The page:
The Queen's Speech, the great EU debate - and how difficult is it for an MP to be funny? Lively political debate with Nus Ghani, the Tory MP for Wealden, and Catherine Bearder, Lib Dem MEP for the South East
The Ukip leader, Nigel Farage has said Kent needs to implement 'bigger, stronger checks' at Dover.
He was responding to the Paris terror attacks.
His comments come after the Kent Police Commissioner, Ann Barnes, called on the Government to delay its cuts to the police budgets.
The leader of UKIP, south east MEP Nigel Farage has been in Thanet this afternoon.
Mr Farage says he will make immigration the centrepiece of his campaign for the UK to quit the EU, and for the first time, an opinion poll puts the quitters ahead of the remainers.
David Johns went to see how Ramsgate responded to the UKIP leader.
UKIP's economics spokesman Patrick O'Flynn blew open simmering tensions within the party in an interview with The Times, saying Mr Farage was no longer the "cheerful, ebullient, cheeky, daring" politician of recent times.
Mr O'Flynn said the UKIP leader's behaviour risked the party being seen as an "absolute monarchy" and blamed Mr Farage's "aggressive" and "inexperienced" advisers.
He called for Mr Farage, who lives in Kent, to adopt a "much more consultative and consensual leadership style".
Mr O'Flynn's comments come after Mr Farage was widely mocked for resigning as leader after failing to win the South Thanet seat he stood for in the General Election, only to be reinstated three days later after the party's National Executive Committee rejected his resignation.
Kent Police have confirmed that they are investigating allegations that ballot boxes may have been tampered with, in what was one of the highest profile election battles in the country last week.
Last Friday morning, Nigel Farage was defeated in his attempt to become an MP in South Thanet for UKIP. He lost to the Conservative candidate by more than 2,800 votes.
But after claims that ballot boxes were interfered with, Kent Police say they are now conducting enquiries into electoral fraud in the constituency. Here's our Political Correspondent, Phil Hornby.
On Monday 11 May, Kent Police was contacted by a member of the public from outside the county with a concern around election fraud due to speculation on social media in South Thanet. Initial enquiries by officers have been carried out and so far no evidence of electoral fraud has been found.
A single complaint has been lodged with Kent Police by a member of the public, from outside of the county, with concerns around the Thanet Parliamentary election - following speculation on social media. Kent Police has an obligation to follow up this complaint. Thanet District Council is not under investigation for election fraud. The council’s Returning Officer is satisfied that the correct processes were followed and a member of the Electoral Commission was present at the election in Thanet.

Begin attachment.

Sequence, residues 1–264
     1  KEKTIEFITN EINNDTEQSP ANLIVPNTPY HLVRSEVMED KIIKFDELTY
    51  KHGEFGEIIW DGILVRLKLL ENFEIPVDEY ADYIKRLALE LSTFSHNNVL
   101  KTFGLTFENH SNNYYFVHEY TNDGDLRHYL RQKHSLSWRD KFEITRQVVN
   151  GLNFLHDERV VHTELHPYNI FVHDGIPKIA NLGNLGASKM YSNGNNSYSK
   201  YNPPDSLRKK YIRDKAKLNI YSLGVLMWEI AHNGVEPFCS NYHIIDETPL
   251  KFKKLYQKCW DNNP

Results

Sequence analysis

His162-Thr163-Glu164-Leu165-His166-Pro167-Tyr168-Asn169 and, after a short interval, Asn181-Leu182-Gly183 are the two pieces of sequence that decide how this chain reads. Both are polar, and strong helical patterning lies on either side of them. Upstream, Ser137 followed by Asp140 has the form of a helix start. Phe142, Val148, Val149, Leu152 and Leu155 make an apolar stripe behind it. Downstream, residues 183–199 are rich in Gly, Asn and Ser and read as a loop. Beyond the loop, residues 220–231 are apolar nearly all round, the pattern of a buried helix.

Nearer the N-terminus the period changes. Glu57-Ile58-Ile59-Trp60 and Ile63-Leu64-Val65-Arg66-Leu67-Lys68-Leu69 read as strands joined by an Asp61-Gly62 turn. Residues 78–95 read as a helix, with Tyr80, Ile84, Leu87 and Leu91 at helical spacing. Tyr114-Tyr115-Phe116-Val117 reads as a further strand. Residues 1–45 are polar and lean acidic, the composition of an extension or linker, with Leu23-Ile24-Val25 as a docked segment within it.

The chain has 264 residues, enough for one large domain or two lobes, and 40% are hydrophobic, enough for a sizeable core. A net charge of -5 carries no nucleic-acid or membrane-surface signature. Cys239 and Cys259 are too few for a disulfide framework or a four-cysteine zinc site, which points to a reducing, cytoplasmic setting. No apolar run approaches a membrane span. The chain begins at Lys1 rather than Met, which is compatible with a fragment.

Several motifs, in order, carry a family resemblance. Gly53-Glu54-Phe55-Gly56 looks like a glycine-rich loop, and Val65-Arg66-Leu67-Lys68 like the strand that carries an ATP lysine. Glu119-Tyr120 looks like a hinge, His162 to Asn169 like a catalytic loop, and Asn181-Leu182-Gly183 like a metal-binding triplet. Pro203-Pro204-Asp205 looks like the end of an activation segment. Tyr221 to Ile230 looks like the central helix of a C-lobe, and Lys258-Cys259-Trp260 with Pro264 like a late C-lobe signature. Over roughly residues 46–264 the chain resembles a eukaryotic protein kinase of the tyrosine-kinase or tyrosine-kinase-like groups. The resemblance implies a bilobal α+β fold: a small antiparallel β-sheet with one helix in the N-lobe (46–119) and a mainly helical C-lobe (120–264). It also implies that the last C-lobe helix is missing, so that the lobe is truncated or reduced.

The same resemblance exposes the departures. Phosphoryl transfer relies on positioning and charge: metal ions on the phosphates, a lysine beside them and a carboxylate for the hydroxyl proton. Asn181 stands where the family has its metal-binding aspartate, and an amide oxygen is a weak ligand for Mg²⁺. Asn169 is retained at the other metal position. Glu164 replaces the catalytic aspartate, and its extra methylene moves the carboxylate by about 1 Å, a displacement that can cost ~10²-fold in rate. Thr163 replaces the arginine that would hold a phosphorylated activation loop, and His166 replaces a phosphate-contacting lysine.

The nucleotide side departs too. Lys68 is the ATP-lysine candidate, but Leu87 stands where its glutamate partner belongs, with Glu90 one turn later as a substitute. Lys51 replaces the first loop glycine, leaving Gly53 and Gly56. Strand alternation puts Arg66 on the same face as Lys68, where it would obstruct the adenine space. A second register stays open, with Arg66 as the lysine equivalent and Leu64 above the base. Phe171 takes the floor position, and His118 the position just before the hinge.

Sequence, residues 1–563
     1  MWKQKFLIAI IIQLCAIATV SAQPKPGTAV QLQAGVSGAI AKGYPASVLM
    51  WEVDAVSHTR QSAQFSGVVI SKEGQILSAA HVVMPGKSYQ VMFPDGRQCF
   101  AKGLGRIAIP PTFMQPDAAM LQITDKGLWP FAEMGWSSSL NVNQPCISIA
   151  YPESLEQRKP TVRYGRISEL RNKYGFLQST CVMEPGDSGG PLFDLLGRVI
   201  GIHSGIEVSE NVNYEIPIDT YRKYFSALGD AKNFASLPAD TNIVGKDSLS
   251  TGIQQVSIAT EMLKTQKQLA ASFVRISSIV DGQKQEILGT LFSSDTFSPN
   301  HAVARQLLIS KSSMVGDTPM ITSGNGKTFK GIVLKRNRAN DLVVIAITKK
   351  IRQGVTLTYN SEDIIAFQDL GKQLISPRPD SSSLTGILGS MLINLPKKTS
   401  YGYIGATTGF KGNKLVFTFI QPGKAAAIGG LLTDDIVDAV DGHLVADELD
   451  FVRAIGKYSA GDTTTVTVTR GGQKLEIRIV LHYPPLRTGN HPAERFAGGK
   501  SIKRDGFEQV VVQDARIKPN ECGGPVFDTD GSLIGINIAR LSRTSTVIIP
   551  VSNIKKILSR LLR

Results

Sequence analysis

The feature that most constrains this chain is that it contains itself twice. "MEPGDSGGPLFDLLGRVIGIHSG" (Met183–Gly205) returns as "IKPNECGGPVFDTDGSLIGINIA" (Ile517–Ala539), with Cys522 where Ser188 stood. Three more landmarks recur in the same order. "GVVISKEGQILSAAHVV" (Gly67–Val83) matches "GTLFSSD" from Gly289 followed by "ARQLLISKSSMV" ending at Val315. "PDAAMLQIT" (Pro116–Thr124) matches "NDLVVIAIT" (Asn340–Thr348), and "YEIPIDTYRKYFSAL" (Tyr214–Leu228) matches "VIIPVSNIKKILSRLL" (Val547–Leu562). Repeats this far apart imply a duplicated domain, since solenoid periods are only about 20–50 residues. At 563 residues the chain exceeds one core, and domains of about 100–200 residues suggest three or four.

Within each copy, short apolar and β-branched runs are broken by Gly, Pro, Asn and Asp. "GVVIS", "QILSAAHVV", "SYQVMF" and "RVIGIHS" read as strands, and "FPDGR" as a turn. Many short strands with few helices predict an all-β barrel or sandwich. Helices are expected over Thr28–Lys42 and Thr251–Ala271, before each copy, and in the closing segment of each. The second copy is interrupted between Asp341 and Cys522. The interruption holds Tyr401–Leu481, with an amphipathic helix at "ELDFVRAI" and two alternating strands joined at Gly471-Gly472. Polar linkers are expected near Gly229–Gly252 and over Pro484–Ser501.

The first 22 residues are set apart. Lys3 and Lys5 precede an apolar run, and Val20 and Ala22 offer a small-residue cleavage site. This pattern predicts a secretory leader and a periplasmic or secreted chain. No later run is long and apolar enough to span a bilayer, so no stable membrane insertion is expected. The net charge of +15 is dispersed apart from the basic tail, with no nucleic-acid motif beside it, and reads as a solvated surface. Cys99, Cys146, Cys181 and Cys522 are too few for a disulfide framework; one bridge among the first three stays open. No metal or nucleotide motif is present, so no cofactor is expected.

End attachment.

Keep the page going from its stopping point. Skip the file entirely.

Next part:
In response to the speculation on social media: Thanet’s parliamentary boundary is larger than the district boundary – extending into the Canterbury and Dover area so comparing the parliamentary and district election results is misleading. There were no lost or stolen ballot papers.
Kent Police have confirmed that they are looking into an allegation of electoral fraud in the Thanet South constituency seat.
The leader of UKIP Nigel Farage temporarily resigned as party head over the weekend after he failed to win the seat. Instead, Craig Mackinlay, a Conservative became the Thanet South MP after last Thursday's General Election. He won 18,838 votes compared to Mr Farage's 16,026.
UKIP took control of Thanet District Council in following the local elections counton Saturday.
"Kent Police has received a report of electoral fraud. Inquiries are ongoing."
Kent Police are looking into an allegation of electoral fraud in Thanet South, the seat which Ukip leader Nigel Farage failed to win at the general election.
Nigel Farage's offer of resignation was rejected by UKIP members because of the success of his election campaign, according to a statement by the Chairman of UKIP has revealed.
As promised Nigel Farage tendered his official resignation as leader of UKIP to the NEC. This offer was unanimously rejected by the NEC members who produced overwhelmingly evidence that the UKIP membership did not want Nigel to go
The NEC also concluded that UKIP's general election campaign had been a great success. We have fought a positive campaign with a very good manifesto and despite relentless, negative attacks and an astonishing last minute swing to the Conservatives over fear of the SNP, that in these circumstances, 4 million votes was an extraordinary achievement. On that basis Mr Farage withdrew his resignation and will remain leader of UKIP. In addition the NEC recognised that the referendum campaign has already begun this week and we need our best team to fight that campaign led by Nigel. He has therefore been persuaded by the NEC to withdraw his resignation and remains leader of UKIP.